Asthmapolis is brainchild of David Van Sickle a researcher at University of Wisconsin-Madison. The basic idea is to equip inhalers with a GPS tag to determine when and where was it used by the patient. When such individual (de-identified, of course) medication data is aggregated, it can provide population care insight like environmental triggers and disease impact.
Seems like there are three components of the overall offering:
- A hardware device called “Spiroscout” – a small add-on that mounts the inhaler canister. Every time it is pushed, the location and time-stamp data is recorded.
- Mobile app – a ‘diary’ to keep track of symptoms, triggers, medications, etc. Can also be used to view map of data received from Spiroscout, and to get sms reminders for taking medication.
- Online website – a ‘dashboard’ of sorts. Can help summarize submitted data to figure out disease patterns and trends.
The hardware device is not out yet (website says it’ll be out this summer), and the mobile app is currently in private beta. So there is not much of real world testing that has happened. But I’m still positive about Asthmapolis, for a number of reasons.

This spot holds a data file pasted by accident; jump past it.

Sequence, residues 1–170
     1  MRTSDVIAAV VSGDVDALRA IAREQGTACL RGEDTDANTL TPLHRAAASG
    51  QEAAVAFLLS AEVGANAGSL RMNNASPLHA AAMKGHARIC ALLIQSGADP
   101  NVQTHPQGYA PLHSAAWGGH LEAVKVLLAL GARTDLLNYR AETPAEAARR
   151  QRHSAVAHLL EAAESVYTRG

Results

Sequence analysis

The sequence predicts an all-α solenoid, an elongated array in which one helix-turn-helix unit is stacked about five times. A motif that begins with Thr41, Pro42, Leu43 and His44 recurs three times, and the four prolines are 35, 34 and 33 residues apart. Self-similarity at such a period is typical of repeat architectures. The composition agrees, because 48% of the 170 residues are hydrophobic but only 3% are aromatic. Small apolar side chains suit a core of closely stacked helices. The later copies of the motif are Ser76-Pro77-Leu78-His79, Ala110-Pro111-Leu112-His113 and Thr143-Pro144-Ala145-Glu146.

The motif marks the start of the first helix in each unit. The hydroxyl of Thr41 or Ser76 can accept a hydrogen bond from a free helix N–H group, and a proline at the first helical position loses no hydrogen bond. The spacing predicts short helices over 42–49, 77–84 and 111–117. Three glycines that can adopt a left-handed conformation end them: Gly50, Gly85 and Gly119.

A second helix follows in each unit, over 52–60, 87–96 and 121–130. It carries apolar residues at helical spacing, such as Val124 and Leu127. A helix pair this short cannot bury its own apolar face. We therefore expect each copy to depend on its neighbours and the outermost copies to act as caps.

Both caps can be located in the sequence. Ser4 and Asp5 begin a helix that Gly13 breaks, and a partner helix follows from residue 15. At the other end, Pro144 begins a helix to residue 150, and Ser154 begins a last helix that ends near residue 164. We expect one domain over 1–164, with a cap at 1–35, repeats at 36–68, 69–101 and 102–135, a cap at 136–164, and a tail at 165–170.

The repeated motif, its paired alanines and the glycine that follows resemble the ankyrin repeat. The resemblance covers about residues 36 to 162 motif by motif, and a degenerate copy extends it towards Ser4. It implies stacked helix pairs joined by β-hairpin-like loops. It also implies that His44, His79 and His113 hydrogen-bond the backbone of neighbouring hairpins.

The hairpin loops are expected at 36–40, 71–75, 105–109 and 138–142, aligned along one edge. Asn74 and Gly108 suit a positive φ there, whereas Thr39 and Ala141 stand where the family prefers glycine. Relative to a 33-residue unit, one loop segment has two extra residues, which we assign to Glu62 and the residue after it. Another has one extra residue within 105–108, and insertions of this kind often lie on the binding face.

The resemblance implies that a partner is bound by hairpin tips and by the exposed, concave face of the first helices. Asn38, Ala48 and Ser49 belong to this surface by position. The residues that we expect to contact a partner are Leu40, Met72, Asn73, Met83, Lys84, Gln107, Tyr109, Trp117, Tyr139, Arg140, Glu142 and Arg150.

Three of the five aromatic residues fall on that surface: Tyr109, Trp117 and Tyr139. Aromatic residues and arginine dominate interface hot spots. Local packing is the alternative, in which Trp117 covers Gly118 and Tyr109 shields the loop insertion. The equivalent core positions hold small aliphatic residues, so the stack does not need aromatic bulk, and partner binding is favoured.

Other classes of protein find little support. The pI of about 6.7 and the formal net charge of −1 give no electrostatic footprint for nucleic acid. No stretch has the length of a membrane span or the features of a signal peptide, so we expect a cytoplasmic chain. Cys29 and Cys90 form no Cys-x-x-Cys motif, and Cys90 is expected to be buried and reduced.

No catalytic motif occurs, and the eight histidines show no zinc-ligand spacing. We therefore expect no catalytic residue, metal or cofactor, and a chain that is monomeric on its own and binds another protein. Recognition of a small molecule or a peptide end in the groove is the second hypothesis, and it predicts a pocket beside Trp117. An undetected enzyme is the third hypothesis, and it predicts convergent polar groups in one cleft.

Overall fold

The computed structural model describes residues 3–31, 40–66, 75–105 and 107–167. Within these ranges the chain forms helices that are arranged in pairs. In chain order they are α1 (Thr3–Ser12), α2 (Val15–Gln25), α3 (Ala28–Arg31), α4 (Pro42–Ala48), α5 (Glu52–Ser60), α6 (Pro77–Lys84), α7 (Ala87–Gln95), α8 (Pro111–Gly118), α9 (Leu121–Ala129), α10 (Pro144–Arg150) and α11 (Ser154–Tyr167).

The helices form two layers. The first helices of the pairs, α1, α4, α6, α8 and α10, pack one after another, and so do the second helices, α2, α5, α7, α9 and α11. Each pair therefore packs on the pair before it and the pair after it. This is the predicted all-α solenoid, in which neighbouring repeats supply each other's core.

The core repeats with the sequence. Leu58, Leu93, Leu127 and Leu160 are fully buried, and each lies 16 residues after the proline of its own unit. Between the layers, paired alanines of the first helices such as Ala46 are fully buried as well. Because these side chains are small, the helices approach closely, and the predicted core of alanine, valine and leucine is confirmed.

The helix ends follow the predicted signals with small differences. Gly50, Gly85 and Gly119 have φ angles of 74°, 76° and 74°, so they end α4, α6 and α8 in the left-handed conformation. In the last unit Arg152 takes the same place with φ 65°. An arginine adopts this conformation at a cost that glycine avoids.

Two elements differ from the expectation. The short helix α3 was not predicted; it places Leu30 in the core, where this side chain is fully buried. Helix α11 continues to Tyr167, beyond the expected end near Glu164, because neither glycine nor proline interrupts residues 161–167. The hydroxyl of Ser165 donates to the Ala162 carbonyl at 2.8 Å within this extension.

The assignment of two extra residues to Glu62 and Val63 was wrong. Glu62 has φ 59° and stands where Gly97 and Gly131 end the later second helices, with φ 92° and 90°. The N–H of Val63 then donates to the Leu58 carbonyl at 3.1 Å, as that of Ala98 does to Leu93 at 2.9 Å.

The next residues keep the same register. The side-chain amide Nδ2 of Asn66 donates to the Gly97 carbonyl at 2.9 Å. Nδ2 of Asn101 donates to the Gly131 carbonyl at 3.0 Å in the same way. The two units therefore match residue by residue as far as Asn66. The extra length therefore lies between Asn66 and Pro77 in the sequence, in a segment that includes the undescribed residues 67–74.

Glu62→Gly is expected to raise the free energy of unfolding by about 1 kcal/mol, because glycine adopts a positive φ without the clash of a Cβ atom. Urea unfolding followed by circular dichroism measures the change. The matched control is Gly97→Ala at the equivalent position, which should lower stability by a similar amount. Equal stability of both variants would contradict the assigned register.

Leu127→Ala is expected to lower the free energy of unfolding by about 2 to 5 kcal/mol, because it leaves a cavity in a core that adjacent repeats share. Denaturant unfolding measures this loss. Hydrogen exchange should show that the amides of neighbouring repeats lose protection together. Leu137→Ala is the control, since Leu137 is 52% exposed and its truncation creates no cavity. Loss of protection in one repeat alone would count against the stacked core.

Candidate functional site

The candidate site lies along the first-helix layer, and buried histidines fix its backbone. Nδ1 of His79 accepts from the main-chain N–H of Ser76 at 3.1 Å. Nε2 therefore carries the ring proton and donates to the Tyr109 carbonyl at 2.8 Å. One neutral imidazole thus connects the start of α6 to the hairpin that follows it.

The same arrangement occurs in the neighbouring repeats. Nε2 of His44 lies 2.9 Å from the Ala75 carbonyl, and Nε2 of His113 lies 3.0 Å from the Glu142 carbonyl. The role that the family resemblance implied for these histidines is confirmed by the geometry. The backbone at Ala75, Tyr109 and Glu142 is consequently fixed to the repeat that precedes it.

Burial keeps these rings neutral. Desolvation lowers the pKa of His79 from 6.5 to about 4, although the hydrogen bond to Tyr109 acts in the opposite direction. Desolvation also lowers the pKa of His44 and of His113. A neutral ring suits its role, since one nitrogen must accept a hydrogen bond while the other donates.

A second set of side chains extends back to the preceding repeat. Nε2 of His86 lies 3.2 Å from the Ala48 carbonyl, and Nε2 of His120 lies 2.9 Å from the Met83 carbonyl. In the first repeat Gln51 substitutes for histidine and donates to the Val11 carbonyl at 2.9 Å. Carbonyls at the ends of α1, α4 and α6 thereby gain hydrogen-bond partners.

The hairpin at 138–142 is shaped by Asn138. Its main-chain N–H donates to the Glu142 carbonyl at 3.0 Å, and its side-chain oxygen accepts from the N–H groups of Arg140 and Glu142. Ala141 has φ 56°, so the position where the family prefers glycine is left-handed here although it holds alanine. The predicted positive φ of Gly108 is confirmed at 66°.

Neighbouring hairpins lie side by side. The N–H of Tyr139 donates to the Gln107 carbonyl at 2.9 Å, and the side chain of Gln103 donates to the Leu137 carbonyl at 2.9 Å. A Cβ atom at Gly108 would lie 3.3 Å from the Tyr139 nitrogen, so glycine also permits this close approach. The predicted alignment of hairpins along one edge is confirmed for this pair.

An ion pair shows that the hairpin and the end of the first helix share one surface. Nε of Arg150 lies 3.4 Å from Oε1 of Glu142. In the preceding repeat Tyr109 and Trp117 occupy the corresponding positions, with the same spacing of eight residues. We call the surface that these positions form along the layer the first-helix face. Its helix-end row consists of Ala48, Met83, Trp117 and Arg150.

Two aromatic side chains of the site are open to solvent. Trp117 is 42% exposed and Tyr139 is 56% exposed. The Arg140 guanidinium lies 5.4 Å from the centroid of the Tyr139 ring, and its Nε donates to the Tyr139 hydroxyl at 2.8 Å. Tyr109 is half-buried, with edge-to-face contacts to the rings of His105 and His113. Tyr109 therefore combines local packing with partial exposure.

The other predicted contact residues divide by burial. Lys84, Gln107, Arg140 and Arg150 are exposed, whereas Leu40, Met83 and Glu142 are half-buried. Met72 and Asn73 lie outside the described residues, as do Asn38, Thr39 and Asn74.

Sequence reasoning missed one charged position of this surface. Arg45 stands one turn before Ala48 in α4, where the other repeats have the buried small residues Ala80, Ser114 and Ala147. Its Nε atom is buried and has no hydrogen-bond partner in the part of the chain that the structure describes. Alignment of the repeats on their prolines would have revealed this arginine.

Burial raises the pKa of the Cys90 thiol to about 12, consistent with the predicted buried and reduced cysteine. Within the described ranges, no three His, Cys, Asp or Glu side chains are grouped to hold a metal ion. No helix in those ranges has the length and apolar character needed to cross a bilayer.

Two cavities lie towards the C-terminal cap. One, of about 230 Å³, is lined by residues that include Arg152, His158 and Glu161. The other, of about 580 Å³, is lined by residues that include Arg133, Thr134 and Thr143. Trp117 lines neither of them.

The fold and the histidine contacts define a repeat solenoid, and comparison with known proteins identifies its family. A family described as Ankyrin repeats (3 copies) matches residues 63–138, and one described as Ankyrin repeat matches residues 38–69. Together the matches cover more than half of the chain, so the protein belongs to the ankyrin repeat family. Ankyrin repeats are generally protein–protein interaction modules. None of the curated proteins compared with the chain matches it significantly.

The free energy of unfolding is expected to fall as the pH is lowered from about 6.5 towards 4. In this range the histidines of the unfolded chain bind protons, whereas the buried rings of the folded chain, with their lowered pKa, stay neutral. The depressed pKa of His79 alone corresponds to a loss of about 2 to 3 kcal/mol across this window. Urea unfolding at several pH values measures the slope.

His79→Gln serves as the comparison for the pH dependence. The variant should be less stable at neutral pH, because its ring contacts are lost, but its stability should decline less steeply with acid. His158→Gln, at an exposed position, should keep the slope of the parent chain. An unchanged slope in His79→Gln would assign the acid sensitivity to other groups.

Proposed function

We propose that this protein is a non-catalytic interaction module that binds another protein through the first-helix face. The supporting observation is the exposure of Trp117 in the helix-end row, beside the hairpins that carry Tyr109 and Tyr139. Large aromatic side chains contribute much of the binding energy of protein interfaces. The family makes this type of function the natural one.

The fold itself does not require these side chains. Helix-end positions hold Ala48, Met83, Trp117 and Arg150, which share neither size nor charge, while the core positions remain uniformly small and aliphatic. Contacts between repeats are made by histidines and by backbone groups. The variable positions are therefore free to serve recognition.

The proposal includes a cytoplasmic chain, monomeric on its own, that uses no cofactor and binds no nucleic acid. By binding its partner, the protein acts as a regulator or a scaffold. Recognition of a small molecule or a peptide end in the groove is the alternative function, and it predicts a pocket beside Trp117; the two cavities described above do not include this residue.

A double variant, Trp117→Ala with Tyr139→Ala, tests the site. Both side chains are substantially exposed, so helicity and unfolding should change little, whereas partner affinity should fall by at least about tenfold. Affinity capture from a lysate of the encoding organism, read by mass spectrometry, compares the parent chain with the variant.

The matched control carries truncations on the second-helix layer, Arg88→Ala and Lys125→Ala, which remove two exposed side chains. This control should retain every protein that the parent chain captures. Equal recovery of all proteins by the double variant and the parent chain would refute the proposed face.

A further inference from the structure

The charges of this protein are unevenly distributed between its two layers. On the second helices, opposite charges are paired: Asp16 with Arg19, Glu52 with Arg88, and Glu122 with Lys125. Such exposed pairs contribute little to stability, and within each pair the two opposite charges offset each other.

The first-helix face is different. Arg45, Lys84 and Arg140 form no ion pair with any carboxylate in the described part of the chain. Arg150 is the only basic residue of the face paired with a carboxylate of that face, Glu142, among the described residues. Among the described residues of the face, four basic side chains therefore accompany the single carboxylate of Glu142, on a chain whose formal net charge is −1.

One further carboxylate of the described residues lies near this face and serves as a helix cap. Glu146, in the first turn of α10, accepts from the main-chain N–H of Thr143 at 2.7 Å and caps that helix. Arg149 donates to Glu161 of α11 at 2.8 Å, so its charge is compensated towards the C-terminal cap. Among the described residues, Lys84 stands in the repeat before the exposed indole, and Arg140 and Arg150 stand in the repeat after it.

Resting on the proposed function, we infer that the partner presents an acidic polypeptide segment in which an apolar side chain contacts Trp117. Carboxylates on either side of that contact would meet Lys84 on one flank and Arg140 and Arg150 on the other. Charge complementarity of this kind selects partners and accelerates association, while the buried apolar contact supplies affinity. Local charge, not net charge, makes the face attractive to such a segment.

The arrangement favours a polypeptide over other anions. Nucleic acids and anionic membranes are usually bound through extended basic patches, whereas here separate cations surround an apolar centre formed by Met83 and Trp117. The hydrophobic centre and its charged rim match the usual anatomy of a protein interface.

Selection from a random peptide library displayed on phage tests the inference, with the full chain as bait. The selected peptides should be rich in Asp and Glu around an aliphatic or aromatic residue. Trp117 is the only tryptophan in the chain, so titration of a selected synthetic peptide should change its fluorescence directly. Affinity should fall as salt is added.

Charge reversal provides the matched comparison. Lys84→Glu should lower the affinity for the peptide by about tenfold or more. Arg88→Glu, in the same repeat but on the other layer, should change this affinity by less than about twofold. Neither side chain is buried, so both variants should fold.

First, it’s the right kind of ‘focused’ monitoring solution that can potentially be transformative for managing a specific disease (kinda like Regina Herzlinger‘s argument about ‘Focused Factories‘ as one of the ways to salvage the entire healthcare system). It’s better than trying to find a solution that can monitor multiple conditions (example 1, example 2). I think the mobile diary and online dashboard would be key engagement tools in this regard. The more focused and customizable, the better.
Second, it helps in medication adherence which is a big issue irrespective of the medical condition. I think that knowing whether you took your medications and getting reminders if you didn’t, is more powerful than knowing when/where you took it. The mobile app reminders would be a great resource there (automated calls to landlines may be good too…for seniors).
Third, it helps understand the individual triggers and community impact of asthma. For successful asthma management, a patient should know his/her triggers and avoid getting exposed to them. That is not an easy task for a number of reasons. My initial reaction was that GPS may be a bit of an overkill. But with rapidly decreasing cost of location-aware technology, why not? Much better than using it to check-in to nearby McDonalds.